Flood-damage-reduction projects


Figure 8.16 Uncertainty in discharge, stage, and damage as considered in the U. S. Army Corps of Engineers risk-based approach to flood-damage reduction studies. (After Tseng et al., 1993.)

2. A value of a standard normal variate is selected randomly, and it is used to compute a random value of error associated with the flood discharge obtained in step 1. This random error is added to the flood discharge obtained in step 1 to yield a flood-discharge value that includes the effect of uncertainty in the probability model of floods.

3. The flood discharge obtained in step 2 is converted to the expected flood stage using the expected stage-discharge relation.

4. A value of a standard normal variate is selected randomly, and it is used to compute a random value of error associated with the flood stage computed in step 3. This random error is added to the flood stage computed in step 3 to yield a flood stage that includes the effects of uncertainty in the stage – discharge relation and the probability model of floods. If the performance of a proposed project is being simulated, level of protection may be determined empirically by counting the number of flood stages that are higher than the project capacity and dividing by the number of simulations.

5. The flood stage obtained in step 4 is converted to the expected flood damage using the expected flood-damage relation. If the performance of a proposed project is simulated, the simulation procedure may end here if the simulated flood stage does not result in flood damage.

6. A value of a standard normal variate is selected randomly, and it is used to compute a random value of error associated with the flood damage obtained in step 5. This random error is added to the flood damage obtained in step 5 to yield a flood-damage value that includes the effects of all the uncertain­ties considered. If the flood-damage value is negative, it should be set equal to zero.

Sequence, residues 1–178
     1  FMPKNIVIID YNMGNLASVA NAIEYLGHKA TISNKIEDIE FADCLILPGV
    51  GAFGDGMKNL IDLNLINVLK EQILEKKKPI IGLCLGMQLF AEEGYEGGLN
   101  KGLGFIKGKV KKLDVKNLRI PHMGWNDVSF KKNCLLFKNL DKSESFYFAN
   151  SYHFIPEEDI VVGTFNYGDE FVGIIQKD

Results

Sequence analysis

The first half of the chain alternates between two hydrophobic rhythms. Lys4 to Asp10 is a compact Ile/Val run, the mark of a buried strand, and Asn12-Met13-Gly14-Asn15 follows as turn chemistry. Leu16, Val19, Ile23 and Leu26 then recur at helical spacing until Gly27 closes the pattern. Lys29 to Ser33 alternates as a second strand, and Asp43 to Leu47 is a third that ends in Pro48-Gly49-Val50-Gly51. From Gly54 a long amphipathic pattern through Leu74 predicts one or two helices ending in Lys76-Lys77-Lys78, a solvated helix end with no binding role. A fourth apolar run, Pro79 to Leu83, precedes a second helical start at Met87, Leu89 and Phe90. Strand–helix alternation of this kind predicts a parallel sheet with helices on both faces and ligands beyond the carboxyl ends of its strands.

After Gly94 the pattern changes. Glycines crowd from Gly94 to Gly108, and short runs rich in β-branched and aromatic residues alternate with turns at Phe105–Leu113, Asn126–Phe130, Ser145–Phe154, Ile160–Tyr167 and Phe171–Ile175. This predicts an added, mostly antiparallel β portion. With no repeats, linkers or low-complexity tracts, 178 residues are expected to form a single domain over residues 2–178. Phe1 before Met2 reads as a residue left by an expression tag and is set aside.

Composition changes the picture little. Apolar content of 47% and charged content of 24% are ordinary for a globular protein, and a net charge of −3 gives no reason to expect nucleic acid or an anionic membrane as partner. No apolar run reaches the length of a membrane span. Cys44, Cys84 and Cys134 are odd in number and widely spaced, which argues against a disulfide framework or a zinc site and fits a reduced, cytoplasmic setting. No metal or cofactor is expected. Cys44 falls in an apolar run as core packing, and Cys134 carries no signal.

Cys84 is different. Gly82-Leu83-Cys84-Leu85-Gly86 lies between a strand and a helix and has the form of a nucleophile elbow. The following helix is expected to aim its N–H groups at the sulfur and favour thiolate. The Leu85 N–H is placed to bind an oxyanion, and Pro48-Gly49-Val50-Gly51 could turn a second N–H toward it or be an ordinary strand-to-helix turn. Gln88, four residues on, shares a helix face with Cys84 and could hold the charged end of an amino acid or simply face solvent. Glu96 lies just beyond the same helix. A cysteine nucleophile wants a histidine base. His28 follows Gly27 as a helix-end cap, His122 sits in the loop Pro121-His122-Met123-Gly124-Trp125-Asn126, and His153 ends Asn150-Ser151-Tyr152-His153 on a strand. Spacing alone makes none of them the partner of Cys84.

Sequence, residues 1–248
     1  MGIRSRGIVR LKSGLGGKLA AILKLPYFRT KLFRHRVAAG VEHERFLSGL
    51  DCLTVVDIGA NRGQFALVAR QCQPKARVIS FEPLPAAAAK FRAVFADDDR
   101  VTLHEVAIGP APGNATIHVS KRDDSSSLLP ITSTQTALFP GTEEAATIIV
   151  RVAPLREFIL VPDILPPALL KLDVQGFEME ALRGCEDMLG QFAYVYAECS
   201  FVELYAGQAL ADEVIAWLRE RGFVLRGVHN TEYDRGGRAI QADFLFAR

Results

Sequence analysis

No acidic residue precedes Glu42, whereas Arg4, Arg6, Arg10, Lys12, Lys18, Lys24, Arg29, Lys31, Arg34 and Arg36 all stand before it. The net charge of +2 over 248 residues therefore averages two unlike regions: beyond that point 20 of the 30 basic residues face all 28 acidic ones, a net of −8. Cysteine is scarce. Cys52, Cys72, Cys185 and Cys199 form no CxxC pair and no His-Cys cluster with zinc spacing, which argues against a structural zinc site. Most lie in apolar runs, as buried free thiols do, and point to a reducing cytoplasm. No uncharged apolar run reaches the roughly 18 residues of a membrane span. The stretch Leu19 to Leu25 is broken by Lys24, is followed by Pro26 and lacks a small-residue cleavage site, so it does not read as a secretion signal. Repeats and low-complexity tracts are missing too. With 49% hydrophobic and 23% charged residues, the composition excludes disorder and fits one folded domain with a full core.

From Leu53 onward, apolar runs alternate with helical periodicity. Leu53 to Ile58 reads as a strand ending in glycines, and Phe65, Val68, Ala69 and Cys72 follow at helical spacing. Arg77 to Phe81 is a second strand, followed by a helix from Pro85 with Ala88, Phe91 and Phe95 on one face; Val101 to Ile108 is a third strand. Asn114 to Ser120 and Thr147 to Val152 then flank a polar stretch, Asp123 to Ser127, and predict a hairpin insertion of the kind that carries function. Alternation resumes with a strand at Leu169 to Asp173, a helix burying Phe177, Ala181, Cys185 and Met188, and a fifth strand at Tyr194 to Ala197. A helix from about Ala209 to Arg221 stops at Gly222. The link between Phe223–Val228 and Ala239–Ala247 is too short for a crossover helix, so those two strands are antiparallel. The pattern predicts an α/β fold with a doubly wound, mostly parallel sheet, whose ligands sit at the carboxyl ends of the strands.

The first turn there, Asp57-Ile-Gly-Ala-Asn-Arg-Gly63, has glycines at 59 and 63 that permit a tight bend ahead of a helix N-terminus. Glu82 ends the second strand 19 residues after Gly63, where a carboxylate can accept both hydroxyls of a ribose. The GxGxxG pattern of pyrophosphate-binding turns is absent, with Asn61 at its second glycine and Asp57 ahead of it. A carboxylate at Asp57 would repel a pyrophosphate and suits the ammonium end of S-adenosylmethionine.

Steps 1 through 6 are repeated as necessary until the values of the relevant performance measures (average flood damage, level of protection, probability of positive net economic benefits) stabilize to consistent values. Typically, 5000 simulations are used in Corps projects.

The risk-based approach, summarized in steps 1 through 6, has many similar­ities with traditional methods, particularly in that the basic data and discharge – frequency, stage-discharge, and stage-damage relations are the same. The risk – based approach extends traditional methods to consider uncertainties in the basic data and relations. The major new task in the risk-based approach is to estimate the uncertainty in each of the relations. Approaches to estimate these uncertainties are described in detail by the U. S. Army Corps of Engineers (1996) and are not trivial. However, the information needed to estimate uncertainty in the basic components variables is often collected in traditional methods but not used. For example, confidence limits often are computed in flood-frequency analysis, error information is available for calibrated hydraulic models, and economic evaluations typically are done by studying in detail several repre­sentative structures for each land-use category, providing a measure of the variability in the economic evaluations. Therefore, an excessive data-analysis burden relative to traditional methods may not be imposed on engineers and planners in risked-based analysis.

Because steps 1 through 6 are applied to each of the alternative flood-damage – reduction projects, decision makers will obtain a clear picture of the tradeoff among level of protection, cost, and benefits. Further, with careful communica­tion of the results, the public can be better informed about what to expect from flood-damage-reduction projects and thus can make better-informed decisions (U. S. Army Corps of Engineers, 1996).